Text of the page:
ACCEPT icmp -- anywhere anywhere icmp echo-request
LOG all -- anywhere anywhere LOG level warning
REJECT all -- anywhere anywhere reject-with icmp-port-unreachable

Chain FORWARD (policy ACCEPT)
target prot opt source destination

Chain OUTPUT (policy ACCEPT)
target prot opt source destination
ACCEPT all -- anywhere anywhere

Now if you reboot the server, these settings will be lost, so you need to persist them in either of two ways:

1) open /etc/network/interfaces and add, in the eth0 section, the following line:

post-up iptables-restore < /etc/iptables.rules

So the file should now look similar to the following:

auto eth0
iface eth0 inet static
address ...
netmask ...
gateway ...
up ip addr add dev eth0
post-up iptables-restore < /etc/iptables.rules


2) Run

apt-get install iptables-persistent

Either way, reboot now and verify again with iptables -L that the settings are persisted.

ZSH shell, editor (optional)

If you like me prefer ZSH over BASH and use VIM as editor, first install ZSH with:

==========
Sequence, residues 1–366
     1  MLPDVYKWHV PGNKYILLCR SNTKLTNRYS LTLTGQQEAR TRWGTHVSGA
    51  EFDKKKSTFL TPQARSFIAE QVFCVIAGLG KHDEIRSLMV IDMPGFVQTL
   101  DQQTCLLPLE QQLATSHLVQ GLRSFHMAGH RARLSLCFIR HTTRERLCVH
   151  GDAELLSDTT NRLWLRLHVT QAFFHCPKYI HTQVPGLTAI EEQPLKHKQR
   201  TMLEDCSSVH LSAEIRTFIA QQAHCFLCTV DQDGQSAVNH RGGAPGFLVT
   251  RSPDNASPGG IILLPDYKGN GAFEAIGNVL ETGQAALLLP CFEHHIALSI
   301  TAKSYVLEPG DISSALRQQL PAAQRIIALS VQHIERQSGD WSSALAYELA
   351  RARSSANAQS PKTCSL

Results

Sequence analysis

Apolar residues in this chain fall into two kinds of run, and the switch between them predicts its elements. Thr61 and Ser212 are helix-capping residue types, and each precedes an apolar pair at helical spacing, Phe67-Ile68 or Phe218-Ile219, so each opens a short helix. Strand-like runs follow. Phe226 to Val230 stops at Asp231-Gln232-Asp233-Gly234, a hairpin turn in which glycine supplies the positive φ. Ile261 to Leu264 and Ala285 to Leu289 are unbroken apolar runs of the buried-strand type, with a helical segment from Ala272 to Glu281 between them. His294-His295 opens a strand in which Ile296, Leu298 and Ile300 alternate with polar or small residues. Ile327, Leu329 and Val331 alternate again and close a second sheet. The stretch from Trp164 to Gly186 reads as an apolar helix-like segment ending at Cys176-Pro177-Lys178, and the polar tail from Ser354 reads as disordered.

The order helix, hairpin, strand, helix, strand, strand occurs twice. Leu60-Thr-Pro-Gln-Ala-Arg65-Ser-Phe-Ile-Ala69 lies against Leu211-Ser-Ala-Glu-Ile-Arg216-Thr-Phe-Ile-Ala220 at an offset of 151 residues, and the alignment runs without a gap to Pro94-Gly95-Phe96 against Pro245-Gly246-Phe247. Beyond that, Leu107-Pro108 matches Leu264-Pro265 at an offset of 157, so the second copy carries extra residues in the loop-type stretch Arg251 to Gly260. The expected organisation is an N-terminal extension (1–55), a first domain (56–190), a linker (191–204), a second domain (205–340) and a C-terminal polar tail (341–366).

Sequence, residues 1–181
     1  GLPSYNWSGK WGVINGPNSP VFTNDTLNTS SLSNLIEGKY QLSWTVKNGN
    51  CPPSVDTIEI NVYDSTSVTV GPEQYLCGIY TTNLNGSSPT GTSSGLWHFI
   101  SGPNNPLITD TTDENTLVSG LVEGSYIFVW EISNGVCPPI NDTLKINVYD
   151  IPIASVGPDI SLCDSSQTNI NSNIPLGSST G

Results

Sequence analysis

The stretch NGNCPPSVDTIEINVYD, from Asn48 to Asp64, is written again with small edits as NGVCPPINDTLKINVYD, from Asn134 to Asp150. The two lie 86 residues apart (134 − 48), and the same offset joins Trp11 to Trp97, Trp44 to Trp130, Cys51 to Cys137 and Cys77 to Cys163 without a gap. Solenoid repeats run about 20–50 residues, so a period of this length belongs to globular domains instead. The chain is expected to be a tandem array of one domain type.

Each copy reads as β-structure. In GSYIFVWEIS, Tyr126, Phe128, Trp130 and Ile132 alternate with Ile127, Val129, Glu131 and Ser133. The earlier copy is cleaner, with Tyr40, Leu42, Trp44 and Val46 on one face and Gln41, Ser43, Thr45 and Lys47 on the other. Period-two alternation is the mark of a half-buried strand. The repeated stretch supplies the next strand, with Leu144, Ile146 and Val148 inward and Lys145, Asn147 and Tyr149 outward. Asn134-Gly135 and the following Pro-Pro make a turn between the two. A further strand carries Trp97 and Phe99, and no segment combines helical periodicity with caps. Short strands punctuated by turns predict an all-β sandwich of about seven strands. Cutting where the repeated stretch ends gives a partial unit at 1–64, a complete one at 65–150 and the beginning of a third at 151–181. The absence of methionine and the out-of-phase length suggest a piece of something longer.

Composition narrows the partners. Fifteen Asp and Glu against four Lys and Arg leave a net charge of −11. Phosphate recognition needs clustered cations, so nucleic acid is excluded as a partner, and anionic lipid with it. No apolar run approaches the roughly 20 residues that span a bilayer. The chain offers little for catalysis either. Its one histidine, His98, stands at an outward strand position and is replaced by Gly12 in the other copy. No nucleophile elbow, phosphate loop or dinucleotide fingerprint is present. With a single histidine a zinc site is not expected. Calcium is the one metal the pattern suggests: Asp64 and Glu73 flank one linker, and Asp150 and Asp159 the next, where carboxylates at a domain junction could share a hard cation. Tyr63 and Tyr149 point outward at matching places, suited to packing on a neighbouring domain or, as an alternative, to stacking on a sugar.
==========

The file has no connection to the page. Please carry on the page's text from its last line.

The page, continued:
apt-get install zsh git-core
curl -L | sh
ln -s ~/dot-files/excid3.zsh-theme ~/.oh-my-zsh/themes

Then you may want to use my VIM configuration so to have a nicer editor environment:

cd; git clone
cd dot-files; ./

I’d repeat the above commands for both the deploy user and root (as usual you can use sudo -i for example to login as root). Under deploy, you’ll need to additionally run:


and specify /usr/bin/zsh as your shell.

Dependencies for Ruby apps

You’ll need to install the various dependencies required to compile Ruby and install various gems:

apt-get install build-essential curl wget openssl libssl-dev libreadline-dev libmysqlclient-dev ruby-dev mysql-client ruby-mysql xvfb firefox libsqlite3-dev sqlite3 libxslt1-dev libxml2-dev

You’ll also need to install nodejs for the assets compilation (Rails apps):

apt-get install software-properties-common
add-apt-repository ppa:chris-lea/node.js
apt-get update
apt-get install nodejs

Next, as deploy:

Ensure the following lines are present in the shell rc files (.zshrc and .zprofile) and reload the shell so the new Ruby can be “found”:

export PATH="$HOME/.rbenv/bin:$HOME/.rbenv/shims:$PATH"
eval "$(rbenv init -)"

ruby -v should now output the expected version number, 2.2.4 in the example.

Optionally, you may want to install the rbenv-vars plugin for environment variables support with rbenv:

git clone ~/.rbenv/plugins/rbenv-vars
chmod +x ~/.rbenv/plugins/rbenv-vars/bin/rbenv-vars

Dependencies for PHP apps

Install the various packages required for PHP-FPM: